Women and Inequality




14 January 2016

Policies that promote gender equality aim to establish that men and women share the equal rights and obligations that are characteristic of a fair and forward-looking society.

Despite progress , women’s economic inequality remains a long-standing matter.

It is experienced by many who are in jobs that are low paid, part-time, with little or no prospect of career advancements and confined to a relatively small spread of jobs. (“gender segregation”)

There is also the Motherhood Penalty in which a woman’s career can be set back on becoming a parent, as well as a lack of women in top posts, and women’s caring roles.

All of these factors and others combine to create the Gender Pay gap.

It exists despite the fact that the Equal Pay Act was established in 1975.

Using the most recent data from the Office of National Statistics, the Gender Pay Gap for the local council areas in North East Scotland is  :

Aberdeen – Women earn 94 per cent of men’s wages

Aberdeenshire – Women earn 92 per cent of men’s wages

Angus – Women earn 87 cent of men’s wages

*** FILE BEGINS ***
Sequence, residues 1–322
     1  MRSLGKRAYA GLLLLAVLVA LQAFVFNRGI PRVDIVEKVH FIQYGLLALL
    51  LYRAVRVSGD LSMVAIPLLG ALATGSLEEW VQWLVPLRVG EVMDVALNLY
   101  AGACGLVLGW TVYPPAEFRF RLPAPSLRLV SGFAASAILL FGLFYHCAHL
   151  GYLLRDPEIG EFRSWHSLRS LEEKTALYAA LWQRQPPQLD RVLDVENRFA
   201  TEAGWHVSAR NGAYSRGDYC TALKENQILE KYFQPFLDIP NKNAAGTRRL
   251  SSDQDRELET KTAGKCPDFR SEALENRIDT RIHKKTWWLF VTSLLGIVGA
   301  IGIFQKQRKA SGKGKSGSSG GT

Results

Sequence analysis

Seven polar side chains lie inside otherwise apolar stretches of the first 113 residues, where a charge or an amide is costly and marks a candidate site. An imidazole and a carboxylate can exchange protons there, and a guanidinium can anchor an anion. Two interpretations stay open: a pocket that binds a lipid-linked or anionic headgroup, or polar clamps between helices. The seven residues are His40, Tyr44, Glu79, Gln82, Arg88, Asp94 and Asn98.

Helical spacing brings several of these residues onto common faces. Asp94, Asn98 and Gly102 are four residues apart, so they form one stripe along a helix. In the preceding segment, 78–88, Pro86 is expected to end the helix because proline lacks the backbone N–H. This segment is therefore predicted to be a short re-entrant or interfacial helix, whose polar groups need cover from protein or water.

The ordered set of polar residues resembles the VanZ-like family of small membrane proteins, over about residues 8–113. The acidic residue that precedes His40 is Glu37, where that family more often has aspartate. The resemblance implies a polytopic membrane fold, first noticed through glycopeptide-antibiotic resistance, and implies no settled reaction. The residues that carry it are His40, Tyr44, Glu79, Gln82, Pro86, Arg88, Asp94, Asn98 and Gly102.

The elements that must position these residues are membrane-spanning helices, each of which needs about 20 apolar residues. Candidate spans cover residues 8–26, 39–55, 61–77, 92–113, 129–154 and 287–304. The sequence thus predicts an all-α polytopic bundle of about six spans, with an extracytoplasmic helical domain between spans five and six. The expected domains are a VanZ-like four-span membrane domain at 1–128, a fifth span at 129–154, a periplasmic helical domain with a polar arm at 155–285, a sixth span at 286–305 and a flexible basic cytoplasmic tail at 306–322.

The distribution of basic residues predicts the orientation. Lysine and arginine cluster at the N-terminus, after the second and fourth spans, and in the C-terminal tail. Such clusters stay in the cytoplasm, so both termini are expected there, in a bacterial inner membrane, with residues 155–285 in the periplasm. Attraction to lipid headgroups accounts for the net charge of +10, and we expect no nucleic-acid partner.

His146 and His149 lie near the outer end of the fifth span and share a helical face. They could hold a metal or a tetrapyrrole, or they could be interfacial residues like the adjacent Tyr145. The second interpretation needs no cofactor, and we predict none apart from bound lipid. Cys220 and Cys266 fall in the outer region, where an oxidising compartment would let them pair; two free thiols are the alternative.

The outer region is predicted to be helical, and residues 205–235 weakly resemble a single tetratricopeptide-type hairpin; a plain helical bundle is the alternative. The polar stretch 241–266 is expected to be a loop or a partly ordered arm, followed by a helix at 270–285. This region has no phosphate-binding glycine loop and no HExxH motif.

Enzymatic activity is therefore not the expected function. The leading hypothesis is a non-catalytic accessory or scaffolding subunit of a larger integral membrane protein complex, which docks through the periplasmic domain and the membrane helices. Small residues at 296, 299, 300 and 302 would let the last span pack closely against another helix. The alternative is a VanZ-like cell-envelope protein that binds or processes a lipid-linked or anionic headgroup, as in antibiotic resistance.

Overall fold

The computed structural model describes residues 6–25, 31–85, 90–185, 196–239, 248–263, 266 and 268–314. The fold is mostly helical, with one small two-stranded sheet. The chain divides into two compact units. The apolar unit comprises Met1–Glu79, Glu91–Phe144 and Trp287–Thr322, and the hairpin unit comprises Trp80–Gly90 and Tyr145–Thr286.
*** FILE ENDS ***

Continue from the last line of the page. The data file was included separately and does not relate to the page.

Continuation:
Dundee – Women earn 88 per cent of men’s wages

At UK level, Equal Pay Day is an annual event as part of the campaign to close the gender gap.

It marks the event by taking the calendar to illustrate the Gender Pay Gap.

This year it was 9th. November, and in terms of the Gender Pay Gap, a woman working full-time would work for nothing from then till January, while the man continued to be paid.

As well as being underpaid, women face being under-represented.

This also has an economic outcome.

Academic research has highlighted the under-representation of women in academia, business, public service and public office, highlighting the estimated benefit to Scotland’s national income from a doubling of women’s high-level skill contribution to the economy -£170 million a year.

The Women 50 : 50 campaign

The aim of the Women 50 : 50 campaign is to have equal representation of women in public life such as Parliament, local councils and on public boards.

Women make up 52 per cent of the Scottish population, but they account for around just one third of members of public boards and MSPs, and a quarter of councillors.

Experience from elsewhere tells us that this is a policy whose time has come.

Labour's sister party in Sweden , the Social Democrats, are the main party in a 50 : 50 government , and the new Canadian government has a gender-balanced Cabinet.

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